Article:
Custody banks like Bank of New York Mellon (NYSE: BK) do not generally get all that much attention. These "banks' banks" operate huge businesses involving trillions of dollars, but they take only tiny percentages of these awesome amounts and generally run themselves quite conservatively. As a result, the average investors' default response is to scrunch up their faces at the blizzard of numbers they report, sigh at the generally modest growth and move on to other ideas.

That could be a mistake, however. While custody banks are not operating the most exciting businesses in the world, they are gatekeepers and toll collectors in the massive financial services industry and an integral part of an industry that seems poised for worldwide growth. So, while regular banks like Wells Fargo (NYSE: WFC) and TCF Financial (NYSE: TCB) worry about loans and deposit share in their home markets, and Morgan Stanley (NYSE: MS) battles for hegemony in trading and asset management, BNY quietly services hundreds of banks and asset managers across the world.

The Quarter That Was
BNY (as the company is still often abbreviated) reported that operating revenue in the second quarter rose 2% on an annual basis but slipped 1% from the Q1. Fee income rose 2% over last year, and net interest income rose 3%, but those metrics were flat and down 6% on a sequential basis, respectively.

I think the "how and why" will sound pretty familiar. Assets under custody and assets under management were both hurt by declines in market value. Custody fees are based on the assets under custody, and when the market value of those assets declines, so does the fee revenue. On the net interest income line, the answer is likewise straightforward - it is difficult to make money lending cash and securities when the Fed has a virtually zero rate policy in effect.

While revenue was up a bit, cash operating expenses were up more. Some of this is likely due to the real costs of integrating some large acquisitions, but BNY has also been actively adding to its employee headcount, and those new positions cost money.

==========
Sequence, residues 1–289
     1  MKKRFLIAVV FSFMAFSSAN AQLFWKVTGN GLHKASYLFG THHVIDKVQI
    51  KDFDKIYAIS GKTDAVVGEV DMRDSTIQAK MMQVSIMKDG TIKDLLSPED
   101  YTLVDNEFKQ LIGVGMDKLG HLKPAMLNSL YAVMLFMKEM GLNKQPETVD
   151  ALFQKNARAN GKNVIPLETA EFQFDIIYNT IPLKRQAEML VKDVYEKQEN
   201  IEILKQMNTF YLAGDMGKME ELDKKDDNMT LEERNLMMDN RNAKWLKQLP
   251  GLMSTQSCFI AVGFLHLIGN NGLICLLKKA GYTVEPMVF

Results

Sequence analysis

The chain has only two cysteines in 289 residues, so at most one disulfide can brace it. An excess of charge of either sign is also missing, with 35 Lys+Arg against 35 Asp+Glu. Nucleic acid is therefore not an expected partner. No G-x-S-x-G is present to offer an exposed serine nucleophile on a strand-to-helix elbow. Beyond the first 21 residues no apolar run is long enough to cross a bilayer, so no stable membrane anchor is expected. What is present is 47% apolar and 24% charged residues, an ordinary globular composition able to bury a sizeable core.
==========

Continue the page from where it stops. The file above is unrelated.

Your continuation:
On the credit side, news was largely positive. BNY reported lower loan loss provisions, and although non-performing assets did rise from last year, they dropped sequentially by 12%.

All in all, the company did more or less as Wall Street expected, and this is a pretty widely recommended stock right now (15 buy/strong buy recommendations, six holds and nothing lower).

Where To From Here?
Although

State Street

(NYSE: STT) looks cheaper relative to its historical valuation range, BNY is my favorite custody bank stock. Northern Trust (Nasdaq: NTRS) is the other major name. BNY has a more conservative-looking bias toward fixed income in its assets under custody and assets under management.

Moreover, my analysis suggests that BNY is the most sensitive to higher rates; if rates go up, BNY profits. Likewise, I like BNY's diverse revenue base, including pieces like ADR services and equity clearing. Northern Trust gets a big chunk of revenue from asset management, so a strong bull market would probably help it most, and both Northern Trust and

State Street

depend more heavily on asset servicing than BNY.

Broad Geographical Base Should Work In BNY's Favor
BNY has been very active of late buying up custody and servicing businesses around the world. Given the inevitability of ongoing globalization of financial services, that broad geographical base should work in BNY's favor in the coming years. Couple that leverage to global financial services growth with a diversified business that has upside to higher interest rates, and I think there is a reasonable case for investigating BNY as an addition to value-oriented portfolios. (For related reading, see The Evolution Of Banking.)

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